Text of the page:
Retinol-Binding Protein (RBP) is a protein involved in the transport of retinol (vitamin A) in the bloodstream. Vitamin A is essential for various physiological processes, including vision, immune function, and cellular growth.
Retinol-Binding Protein is responsible for binding to retinol and ensuring its transport from the liver, where it is stored, to target tissues and organs throughout the body. It plays a crucial role in maintaining adequate levels of vitamin A and supporting its functions.
Retinol-Binding Protein is often used as a biomarker to assess vitamin A status in the body. Measuring the levels of Retinol-Binding Protein in serum can provide insights into an individual's vitamin A status, which is important for assessing nutritional deficiencies or imbalances. Low levels of RBP can indicate a potential deficiency in vitamin A, which can have significant health implications, particularly in terms of vision health and immune system function. Monitoring RBP levels and ensuring adequate vitamin A intake is important for overall health and well-being.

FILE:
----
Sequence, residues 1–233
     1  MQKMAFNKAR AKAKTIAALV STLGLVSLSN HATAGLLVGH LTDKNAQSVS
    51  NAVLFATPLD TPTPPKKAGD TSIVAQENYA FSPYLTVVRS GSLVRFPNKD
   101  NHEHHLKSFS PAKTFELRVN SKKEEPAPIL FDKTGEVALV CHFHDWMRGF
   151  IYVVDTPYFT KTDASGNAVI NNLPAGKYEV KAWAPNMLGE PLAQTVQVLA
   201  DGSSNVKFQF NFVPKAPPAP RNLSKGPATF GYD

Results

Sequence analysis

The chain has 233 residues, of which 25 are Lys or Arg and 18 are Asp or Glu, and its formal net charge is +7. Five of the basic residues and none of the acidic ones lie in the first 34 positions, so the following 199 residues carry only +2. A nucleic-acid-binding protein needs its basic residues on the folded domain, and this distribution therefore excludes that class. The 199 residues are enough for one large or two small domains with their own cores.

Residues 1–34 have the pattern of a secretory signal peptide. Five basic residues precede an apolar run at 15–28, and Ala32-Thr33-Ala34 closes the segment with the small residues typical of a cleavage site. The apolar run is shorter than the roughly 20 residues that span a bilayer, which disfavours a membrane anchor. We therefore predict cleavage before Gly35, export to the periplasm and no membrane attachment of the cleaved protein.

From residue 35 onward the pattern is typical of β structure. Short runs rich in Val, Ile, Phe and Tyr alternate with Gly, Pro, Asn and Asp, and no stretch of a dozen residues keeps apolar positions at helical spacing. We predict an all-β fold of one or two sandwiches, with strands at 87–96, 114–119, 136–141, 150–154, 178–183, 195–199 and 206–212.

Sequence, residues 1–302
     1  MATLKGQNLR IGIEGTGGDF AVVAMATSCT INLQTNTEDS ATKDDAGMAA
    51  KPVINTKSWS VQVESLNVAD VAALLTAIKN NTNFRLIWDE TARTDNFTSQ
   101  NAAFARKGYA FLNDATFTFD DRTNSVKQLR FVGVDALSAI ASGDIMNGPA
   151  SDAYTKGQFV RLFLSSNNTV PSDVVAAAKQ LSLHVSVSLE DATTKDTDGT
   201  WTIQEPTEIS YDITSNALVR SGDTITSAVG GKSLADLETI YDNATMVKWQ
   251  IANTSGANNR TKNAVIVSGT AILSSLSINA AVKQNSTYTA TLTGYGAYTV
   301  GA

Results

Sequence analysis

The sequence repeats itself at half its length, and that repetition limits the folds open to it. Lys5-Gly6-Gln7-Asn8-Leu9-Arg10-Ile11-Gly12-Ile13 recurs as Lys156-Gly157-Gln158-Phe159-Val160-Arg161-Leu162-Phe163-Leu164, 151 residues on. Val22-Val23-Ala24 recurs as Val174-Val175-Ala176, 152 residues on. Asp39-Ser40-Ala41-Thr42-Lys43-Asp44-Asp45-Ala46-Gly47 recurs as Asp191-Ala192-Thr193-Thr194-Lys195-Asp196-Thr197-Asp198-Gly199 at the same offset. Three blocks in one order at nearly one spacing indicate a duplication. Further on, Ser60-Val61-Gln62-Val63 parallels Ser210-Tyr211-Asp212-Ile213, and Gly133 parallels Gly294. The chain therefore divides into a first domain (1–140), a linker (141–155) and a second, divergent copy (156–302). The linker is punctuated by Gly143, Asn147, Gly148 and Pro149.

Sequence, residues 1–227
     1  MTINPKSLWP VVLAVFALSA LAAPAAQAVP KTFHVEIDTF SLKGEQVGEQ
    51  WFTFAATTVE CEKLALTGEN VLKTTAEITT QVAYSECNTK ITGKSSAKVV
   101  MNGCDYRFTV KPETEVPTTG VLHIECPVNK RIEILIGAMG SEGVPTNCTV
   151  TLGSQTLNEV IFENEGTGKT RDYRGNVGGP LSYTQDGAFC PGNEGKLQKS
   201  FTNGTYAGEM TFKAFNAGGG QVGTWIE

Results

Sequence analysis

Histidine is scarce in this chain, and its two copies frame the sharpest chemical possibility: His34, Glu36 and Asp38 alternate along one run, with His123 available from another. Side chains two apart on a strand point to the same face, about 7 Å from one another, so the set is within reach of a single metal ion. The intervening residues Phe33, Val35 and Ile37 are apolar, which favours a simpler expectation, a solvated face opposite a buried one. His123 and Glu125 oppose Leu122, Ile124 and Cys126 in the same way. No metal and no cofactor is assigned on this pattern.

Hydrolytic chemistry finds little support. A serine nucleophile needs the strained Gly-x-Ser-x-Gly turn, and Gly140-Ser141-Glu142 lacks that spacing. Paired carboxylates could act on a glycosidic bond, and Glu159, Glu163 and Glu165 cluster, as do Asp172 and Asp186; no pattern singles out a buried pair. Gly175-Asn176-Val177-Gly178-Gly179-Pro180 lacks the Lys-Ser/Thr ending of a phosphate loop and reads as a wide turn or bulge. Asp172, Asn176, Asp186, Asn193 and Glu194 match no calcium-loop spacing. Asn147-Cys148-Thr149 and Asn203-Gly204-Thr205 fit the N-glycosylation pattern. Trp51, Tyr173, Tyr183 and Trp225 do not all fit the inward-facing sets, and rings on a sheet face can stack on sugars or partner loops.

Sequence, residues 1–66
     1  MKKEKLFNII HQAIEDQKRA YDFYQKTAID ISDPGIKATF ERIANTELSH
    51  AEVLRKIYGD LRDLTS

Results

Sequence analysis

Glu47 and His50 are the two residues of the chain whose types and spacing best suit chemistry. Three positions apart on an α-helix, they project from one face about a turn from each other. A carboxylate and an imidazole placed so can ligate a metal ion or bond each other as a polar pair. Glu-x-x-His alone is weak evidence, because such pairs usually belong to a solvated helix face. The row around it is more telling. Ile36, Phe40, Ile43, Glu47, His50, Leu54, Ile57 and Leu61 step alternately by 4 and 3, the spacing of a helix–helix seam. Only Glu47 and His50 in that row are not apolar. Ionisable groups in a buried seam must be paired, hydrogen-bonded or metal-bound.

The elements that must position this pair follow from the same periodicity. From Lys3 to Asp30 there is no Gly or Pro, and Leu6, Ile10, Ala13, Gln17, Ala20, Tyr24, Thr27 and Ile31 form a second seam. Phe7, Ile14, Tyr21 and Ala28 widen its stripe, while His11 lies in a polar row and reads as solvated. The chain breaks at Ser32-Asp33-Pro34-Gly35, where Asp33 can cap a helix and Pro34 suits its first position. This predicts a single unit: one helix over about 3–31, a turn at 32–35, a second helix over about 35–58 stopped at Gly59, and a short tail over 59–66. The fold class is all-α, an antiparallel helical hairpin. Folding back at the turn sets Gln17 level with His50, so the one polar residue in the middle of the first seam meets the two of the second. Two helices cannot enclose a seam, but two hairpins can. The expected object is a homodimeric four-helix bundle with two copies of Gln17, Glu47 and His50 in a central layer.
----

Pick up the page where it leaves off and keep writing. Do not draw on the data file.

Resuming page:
Retinol-binding protein is most often found bound to transthyretin, but a small, unbound fraction (< 10%) passes freely through glomerular membranes and is reabsorbed by renal proximal tubule cells where it is catabolized. Due to extensive tubular reabsorption, under normal conditions, very little of the filtered retinol-binding protein appears in the final excreted urine.
Serum concentrations of Retinol-Binding Protein reflect the synthesis capacity of the liver and may indicate early malnutrition, acute and chronic hepatic disease, advanced chronic renal insufficiency, nephritic syndrome, protein-losing enteropathy, and cystic fibrosis. Due to the short half-life of approximately 12 hours, RBP may be suitable for monitoring the nutritional status and efficacy of parenteral nutrition.